Be the Change

My first thought, when I learned of the recent tragic mass shooting in Las Vegas, was a prayer, “Please, God , don’t let it be a black man.” America is in the throes of a resurgence of racism. Athletes who kneel during the Pledge of Allegiance are attacked for calling on their right to protest the senseless murders of black people for such absurdities as reaching into their glove box to get their registration when stopped by highway police. When a white man is the mass murderer, it’s assumed he is mentally unbalanced, a one-off, or possibly the work of a terrorist group. If it were a black man, it might well be pinned on the entire race as fearfully dangerous.

My second thought was another prayer, “Please God, is my nephew safe?” We have family living in Las Vegas including a concert-goer in his twenties. Fortunately, he let us know on Facebook that he was safe. But 59 souls lost their lives, and hundreds are injured. So much violence prevails across the world, including the storms pulverizing islands such as Fiji, Virgin Islands and Puerto Rico, where my brother Tommy lives. He narrowly escaped the cyclone having planned a trip to New York, where he remains visiting family, unsure when he can safely return home.

In the wake of such shock waves, how are we to keep from despair, even on our little island in the South Pacific? I believe strongly that each of us must, as non-violence leader, Mohatma Ghandi said, “Be the change you wish to see in the world.” Every day I find myself repeating the poem of Rumi: “Be a lamp, or a lifeboat or a ladder. Help someone’s soul heal. Walk out of your house like a shepherd.” Jesus taught us to follow His example as the Good Shepherd and to live like the good Samaritan, who took pity on a stranger. The Baha’i Faith teaches that God is calling humanity to a new age of peace and unity, in which, as the Bible prophecies, we will “beat our swords into ploughshares”, letting go of all prejudices, giving up the love of power for the power of love.

Think of your life as a ripple effect – your actions, your words, even your thoughts and your moods — impacting first your loved ones, then those you serve in the workplace,  and moving out into the world in ways you don’t even know. Every act of kindness is a breeze of the breath of God. Every smile enkindles hope and encouragement, every loving word brings joy.  I was at a take-away the other day and enjoyed a huge Cook Islands size helping of food. I went up to the chef and said, “I love you!” He said, “Tell me something I don’t know. Tell me something new.” Our laughter rang around the neighborhood. I have feasted on that small moment of shared pleasure for days. Trust and love grow in small moments such as this.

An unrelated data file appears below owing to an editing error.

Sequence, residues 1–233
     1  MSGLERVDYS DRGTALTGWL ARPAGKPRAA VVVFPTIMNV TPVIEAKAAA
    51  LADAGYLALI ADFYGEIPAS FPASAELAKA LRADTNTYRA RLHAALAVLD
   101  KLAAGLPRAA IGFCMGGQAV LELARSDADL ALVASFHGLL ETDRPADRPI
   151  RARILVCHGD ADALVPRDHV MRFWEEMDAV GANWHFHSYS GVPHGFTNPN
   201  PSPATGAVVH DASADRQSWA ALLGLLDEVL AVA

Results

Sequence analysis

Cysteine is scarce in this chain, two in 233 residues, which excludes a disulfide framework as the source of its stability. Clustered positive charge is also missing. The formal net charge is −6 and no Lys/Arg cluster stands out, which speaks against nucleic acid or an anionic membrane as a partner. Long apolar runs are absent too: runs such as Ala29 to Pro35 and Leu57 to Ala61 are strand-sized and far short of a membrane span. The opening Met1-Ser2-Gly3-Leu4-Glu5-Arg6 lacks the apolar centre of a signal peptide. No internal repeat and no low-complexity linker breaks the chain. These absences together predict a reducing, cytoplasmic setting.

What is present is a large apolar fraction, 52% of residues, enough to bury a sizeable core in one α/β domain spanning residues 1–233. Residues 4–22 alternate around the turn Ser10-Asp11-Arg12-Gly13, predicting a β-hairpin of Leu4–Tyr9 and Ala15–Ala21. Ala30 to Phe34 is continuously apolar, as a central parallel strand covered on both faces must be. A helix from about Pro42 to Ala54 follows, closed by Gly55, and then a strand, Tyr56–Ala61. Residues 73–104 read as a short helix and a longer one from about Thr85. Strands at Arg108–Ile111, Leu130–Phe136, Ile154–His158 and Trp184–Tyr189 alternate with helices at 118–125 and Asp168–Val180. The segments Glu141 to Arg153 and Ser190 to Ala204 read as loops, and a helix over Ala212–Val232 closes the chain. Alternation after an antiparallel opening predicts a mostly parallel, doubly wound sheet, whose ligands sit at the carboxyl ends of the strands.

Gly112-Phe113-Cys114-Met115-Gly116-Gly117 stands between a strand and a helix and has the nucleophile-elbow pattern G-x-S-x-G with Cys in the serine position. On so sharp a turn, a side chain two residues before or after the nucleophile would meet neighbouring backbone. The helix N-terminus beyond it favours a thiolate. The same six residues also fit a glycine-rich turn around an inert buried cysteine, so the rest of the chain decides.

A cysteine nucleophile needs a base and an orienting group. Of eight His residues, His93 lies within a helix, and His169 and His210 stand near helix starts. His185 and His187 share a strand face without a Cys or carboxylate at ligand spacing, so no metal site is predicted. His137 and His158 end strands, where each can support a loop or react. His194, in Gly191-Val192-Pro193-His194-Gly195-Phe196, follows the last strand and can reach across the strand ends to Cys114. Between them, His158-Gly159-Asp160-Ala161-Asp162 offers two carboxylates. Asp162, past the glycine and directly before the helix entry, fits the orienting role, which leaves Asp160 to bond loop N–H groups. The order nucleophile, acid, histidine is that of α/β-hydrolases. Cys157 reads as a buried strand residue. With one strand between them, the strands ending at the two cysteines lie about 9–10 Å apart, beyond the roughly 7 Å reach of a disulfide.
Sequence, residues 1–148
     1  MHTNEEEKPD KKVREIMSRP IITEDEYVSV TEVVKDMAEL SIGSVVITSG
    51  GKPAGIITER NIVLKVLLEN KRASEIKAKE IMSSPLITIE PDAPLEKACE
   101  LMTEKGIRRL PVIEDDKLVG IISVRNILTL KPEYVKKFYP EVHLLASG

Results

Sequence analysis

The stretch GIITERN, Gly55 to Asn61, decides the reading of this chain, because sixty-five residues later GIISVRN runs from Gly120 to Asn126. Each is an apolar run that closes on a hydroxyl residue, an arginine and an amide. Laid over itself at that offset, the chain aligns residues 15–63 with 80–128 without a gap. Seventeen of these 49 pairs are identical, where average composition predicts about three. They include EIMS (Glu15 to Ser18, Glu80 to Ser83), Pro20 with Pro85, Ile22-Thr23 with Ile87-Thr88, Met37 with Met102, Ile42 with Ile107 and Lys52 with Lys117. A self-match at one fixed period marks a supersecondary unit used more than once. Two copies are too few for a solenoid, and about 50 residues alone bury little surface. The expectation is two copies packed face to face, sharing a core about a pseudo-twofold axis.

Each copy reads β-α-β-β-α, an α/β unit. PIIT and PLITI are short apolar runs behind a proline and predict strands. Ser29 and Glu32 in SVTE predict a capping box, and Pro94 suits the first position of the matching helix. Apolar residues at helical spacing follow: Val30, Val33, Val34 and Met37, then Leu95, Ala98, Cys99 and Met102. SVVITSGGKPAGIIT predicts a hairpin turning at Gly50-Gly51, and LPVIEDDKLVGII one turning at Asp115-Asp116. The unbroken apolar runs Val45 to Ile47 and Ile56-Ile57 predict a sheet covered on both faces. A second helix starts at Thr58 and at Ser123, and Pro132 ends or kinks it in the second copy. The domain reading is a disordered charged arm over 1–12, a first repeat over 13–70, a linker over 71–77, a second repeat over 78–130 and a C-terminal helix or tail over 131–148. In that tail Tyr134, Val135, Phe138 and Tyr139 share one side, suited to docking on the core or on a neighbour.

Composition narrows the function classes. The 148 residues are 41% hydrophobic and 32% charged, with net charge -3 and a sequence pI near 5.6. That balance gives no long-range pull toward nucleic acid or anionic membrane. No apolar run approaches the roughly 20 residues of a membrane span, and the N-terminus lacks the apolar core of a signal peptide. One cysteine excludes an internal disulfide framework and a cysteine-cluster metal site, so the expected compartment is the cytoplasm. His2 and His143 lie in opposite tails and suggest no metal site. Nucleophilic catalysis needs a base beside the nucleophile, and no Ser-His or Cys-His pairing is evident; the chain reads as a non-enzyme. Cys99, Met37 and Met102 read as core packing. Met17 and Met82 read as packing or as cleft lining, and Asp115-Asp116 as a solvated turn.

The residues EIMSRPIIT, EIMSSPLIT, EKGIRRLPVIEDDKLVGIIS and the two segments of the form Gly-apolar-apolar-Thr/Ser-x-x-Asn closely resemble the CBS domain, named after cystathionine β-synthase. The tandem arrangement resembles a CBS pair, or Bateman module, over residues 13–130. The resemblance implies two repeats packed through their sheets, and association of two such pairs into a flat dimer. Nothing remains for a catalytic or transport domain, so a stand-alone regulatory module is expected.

A central figure of the Baha’i Faith, Abdu’l Baha’ wrote to someone at a time of great suffering: “Trust in God and love His Will. Strong ships are not conquered by the sea; they ride the waves! Now, be a strong ship, not a battered one.” Clarissa Pinkola Estes, author of Women Who Run With the Wolves, wrote a marvelous piece called, “You Were Made For This.” To quote a bit of it, “Ours is not the task of fixing the entire world all at once, but of stretching out to mend the part of the world that is within our reach. Any small, calm thing that one soul can do to help another soul, to assist some portion of this poor suffering world, will help immensely… In that spirit, I hope you will write this on your wall: When a great ship is in harbor and moored, it is safe, there can be no doubt. But that is not what great ships are built for.”

As Martin Luther King, Jr said, “Everybody can be great…because everybody can serve. You don’t have to have a college degree to serve…You only need a heart full of grace. A soul generated by love.” Be the change this world needs. It has never mattered more.

10 thoughts on “Be the Change”

  1. Dearest Linda,
    As per usual, your writing is powerful and brilliant and inspiring!!
    Thanks so much for this piece!!
    Love, Christine

  2. Thank you Linda. I will share this blog of yours on my Facebook page, it was very timely for me personally. By the way, the next NABI Cafe conversation at The Native American Baha’i Institute in Houck, AZ is on Resilience. An important virtue, apparently calling to many!

  3. Linda – greetings from Palmerston North, NZ.
    I was privileged to hear you and Dan around 15 years ago as we embarked on our Virtues Project learning at Our Lady of Lourdes School.

    It has not only contributed greatly to the schools I have worked in since but my own life is richer and softer.

    It seems we are all affected around the world with news events beamed into our lives with such rapidity and regularity. I was recently a spectator at a high school basketball tournament. It was inspiring to see the quality of the youth playing, refereeing and scoring. There are a lot of good people out there!

    Thank you for your blog and wisdom. You autographed my copy of ‘Pace of Grace’ and it always reminds me of your wonderful spirit and wisdom. Blessings.

  4. Many thanks for this insightful and encouraging viewpoint. I’ll share it with all my family, friends and neighbors struggling to make sense of a world in chaos.

  5. Dearest Linda,
    Reading these inspired words reminded me of how inspired I was when you last visited Albany Western Australia where I was fortunate enough to be able to attend your weekend workshops held on top of the hill above the town I now call home. Thank you for reminding me to shift my focus. To be reminded that all we need to do is look at what is possible and with Gods Grace walk in the direction of Service.
    Thank you so much.
    Simon Farrant

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